From: Ramkumar Ramachandra <>

4d35924e (Merge branch 'rr/triangle', 2013-04-07) introduced support
for triangular workflows, but the push.default values still assume
central workflows.

Rewrite the descriptions of `nothing`, `current`, `upstream` and
`matching` for greater clarity, and explicitly explain how they
should behave in triangular workflows.

Leave `simple` as it is for the moment, as we plan to change its
meaning to accommodate triangular workflows in a later patch.

Signed-off-by: Ramkumar Ramachandra <>
Signed-off-by: Junio C Hamano <>
 Documentation/config.txt | 72 +++++++++++++++++++++++++++++-------------------
 1 file changed, 44 insertions(+), 28 deletions(-)

diff --git a/Documentation/config.txt b/Documentation/config.txt
index 7fd4035..5d8ff1a 100644
--- a/Documentation/config.txt
+++ b/Documentation/config.txt
@@ -1826,39 +1826,55 @@ pull.twohead::
        The default merge strategy to use when pulling a single branch.
-       Defines the action `git push` should take if no refspec is given
-       on the command line, no refspec is configured in the remote, and
-       no refspec is implied by any of the options given on the command
-       line. Possible values are:
+       Defines the action `git push` should take if no refspec is
+       explicitly given.  Different values are well-suited for
+       specific workflows; for instance, in a purely central workflow
+       (i.e. the fetch source is equal to the push destination),
+       `upstream` is probably what you want.  Possible values are:
-* `nothing` - do not push anything.
-* `matching` - push all branches having the same name in both ends.
-  This is for those who prepare all the branches into a publishable
-  shape and then push them out with a single command.  It is not
-  appropriate for pushing into a repository shared by multiple users,
-  since locally stalled branches will attempt a non-fast forward push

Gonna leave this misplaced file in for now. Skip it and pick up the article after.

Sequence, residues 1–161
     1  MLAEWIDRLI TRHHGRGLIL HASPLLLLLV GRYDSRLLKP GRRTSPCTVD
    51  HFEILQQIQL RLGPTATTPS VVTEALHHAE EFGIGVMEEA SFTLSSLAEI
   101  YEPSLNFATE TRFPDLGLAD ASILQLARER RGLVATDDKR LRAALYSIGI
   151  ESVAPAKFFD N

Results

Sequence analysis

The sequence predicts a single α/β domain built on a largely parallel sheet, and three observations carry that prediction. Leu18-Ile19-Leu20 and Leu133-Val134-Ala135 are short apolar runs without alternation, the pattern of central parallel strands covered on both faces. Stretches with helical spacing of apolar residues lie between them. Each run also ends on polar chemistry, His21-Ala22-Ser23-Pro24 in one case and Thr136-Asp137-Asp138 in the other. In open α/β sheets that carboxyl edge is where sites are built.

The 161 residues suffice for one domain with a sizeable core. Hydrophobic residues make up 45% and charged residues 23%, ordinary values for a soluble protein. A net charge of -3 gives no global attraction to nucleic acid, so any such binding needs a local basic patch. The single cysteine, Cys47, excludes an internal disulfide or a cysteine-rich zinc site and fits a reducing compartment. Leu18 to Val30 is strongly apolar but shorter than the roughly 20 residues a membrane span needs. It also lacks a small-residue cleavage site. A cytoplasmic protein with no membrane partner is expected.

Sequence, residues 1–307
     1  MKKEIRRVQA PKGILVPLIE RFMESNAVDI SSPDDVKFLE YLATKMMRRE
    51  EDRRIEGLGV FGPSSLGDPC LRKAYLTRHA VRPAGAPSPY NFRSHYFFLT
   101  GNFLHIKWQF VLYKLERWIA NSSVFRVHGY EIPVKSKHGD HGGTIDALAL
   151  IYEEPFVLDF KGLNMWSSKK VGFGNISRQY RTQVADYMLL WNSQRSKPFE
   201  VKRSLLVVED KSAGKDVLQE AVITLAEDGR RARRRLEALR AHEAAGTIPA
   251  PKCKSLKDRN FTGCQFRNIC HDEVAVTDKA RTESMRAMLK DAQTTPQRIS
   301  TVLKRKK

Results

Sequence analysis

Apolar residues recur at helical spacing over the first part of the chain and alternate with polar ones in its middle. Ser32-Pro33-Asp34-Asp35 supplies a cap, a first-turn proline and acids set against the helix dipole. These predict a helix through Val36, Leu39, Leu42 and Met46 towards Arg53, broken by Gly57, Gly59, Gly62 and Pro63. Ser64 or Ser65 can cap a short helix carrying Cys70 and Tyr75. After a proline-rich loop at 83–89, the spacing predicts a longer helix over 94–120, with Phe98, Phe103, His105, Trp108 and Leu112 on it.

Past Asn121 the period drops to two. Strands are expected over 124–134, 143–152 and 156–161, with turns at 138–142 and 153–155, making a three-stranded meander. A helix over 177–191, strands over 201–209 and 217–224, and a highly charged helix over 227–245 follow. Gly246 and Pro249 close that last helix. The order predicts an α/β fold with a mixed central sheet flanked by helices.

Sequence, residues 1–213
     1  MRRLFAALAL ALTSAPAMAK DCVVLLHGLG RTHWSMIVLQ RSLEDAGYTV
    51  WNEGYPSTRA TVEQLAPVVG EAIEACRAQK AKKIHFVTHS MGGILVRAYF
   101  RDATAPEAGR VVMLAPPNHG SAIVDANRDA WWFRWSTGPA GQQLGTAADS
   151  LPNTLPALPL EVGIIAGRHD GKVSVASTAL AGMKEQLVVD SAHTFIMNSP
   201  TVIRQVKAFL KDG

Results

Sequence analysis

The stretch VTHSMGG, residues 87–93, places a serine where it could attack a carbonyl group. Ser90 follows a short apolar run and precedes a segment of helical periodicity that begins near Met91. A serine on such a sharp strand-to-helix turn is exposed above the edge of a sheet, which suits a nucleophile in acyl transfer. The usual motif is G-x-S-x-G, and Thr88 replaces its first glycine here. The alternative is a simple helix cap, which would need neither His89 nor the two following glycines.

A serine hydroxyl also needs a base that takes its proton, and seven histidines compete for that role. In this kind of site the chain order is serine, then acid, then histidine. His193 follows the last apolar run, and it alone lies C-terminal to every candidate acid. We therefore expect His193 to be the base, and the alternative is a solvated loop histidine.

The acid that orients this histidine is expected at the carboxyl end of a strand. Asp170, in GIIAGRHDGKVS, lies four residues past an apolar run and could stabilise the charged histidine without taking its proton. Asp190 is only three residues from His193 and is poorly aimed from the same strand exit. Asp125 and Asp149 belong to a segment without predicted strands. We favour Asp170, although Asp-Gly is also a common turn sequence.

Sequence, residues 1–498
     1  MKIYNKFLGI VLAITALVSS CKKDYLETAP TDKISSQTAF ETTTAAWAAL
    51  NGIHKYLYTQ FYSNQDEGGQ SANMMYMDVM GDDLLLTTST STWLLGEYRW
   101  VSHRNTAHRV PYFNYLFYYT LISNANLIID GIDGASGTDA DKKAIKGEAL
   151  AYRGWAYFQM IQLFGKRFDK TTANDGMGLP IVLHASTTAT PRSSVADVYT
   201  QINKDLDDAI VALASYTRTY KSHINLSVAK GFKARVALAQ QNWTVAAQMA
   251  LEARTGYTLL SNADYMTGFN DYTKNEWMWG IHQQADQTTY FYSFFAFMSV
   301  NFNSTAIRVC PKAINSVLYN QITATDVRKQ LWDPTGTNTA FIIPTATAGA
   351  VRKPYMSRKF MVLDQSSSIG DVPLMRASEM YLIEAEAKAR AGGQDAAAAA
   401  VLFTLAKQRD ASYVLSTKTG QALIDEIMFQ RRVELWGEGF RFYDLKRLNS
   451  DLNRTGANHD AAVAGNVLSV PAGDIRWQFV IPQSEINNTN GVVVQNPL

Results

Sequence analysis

-  if other users updated the branch.
-  +
-  This is currently the default, but Git 2.0 will change the default
-  to `simple`.
-* `upstream` - push the current branch to its upstream branch
-  (`tracking` is a deprecated synonym for this).
-  With this, `git push` will update the same remote ref as the one which
-  is merged by `git pull`, making `push` and `pull` symmetrical.
-  See "branch.<name>.merge" for how to configure the upstream branch.
+* `nothing` - do not push anything (error out) unless a refspec is
+  explicitly given. This is primarily meant for people who want to
+  avoid mistakes by always being explicit.
+* `current` - push the current branch to update a branch with the same
+  name on the receiving end.  Works in both central and non-central
+  workflows.
+* `upstream` - push the current branch back to the branch whose
+  changes are usually integrated into the current branch (which is
+  called `@{upstream}`).  This mode only makes sense if you are
+  pushing to the same repository you would normally pull from
+  (i.e. central workflow).
 * `simple` - like `upstream`, but refuses to push if the upstream
   branch's name is different from the local one. This is the safest
-  option and is well-suited for beginners. It will become the default
-  in Git 2.0.
-* `current` - push the current branch to a branch of the same name.
+  option and is well-suited for beginners.
-The `simple`, `current` and `upstream` modes are for those who want to
-push out a single branch after finishing work, even when the other
-branches are not yet ready to be pushed out. If you are working with
-other people to push into the same shared repository, you would want
-to use one of these.
+This mode will become the default in Git 2.0.
+* `matching` - push all branches having the same name on both ends.
+  This makes the repository you are pushing to remember the set of
+  branches that will be pushed out (e.g. if you always push 'maint'
+  and 'master' there and no other branches, the repository you push
+  to will have these two branches, and your local 'maint' and
+  'master' will be pushed there).
+To use this mode effectively, you have to make sure _all_ the
+branches you would push out are ready to be pushed out before
+running 'git push', as the whole point of this mode is to allow you
+to push all of the branches in one go.  If you usually finish work
+on only one branch and push out the result, while other branches are
+unfinished, this mode is not for you.  Also this mode is not
+suitable for pushing into a shared central repository, as other
+people may add new branches there, or update the tip of existing
+branches outside your control.
+This is currently the default, but Git 2.0 will change the default
+to `simple`.
        Whether to show a diffstat of what changed upstream since the last

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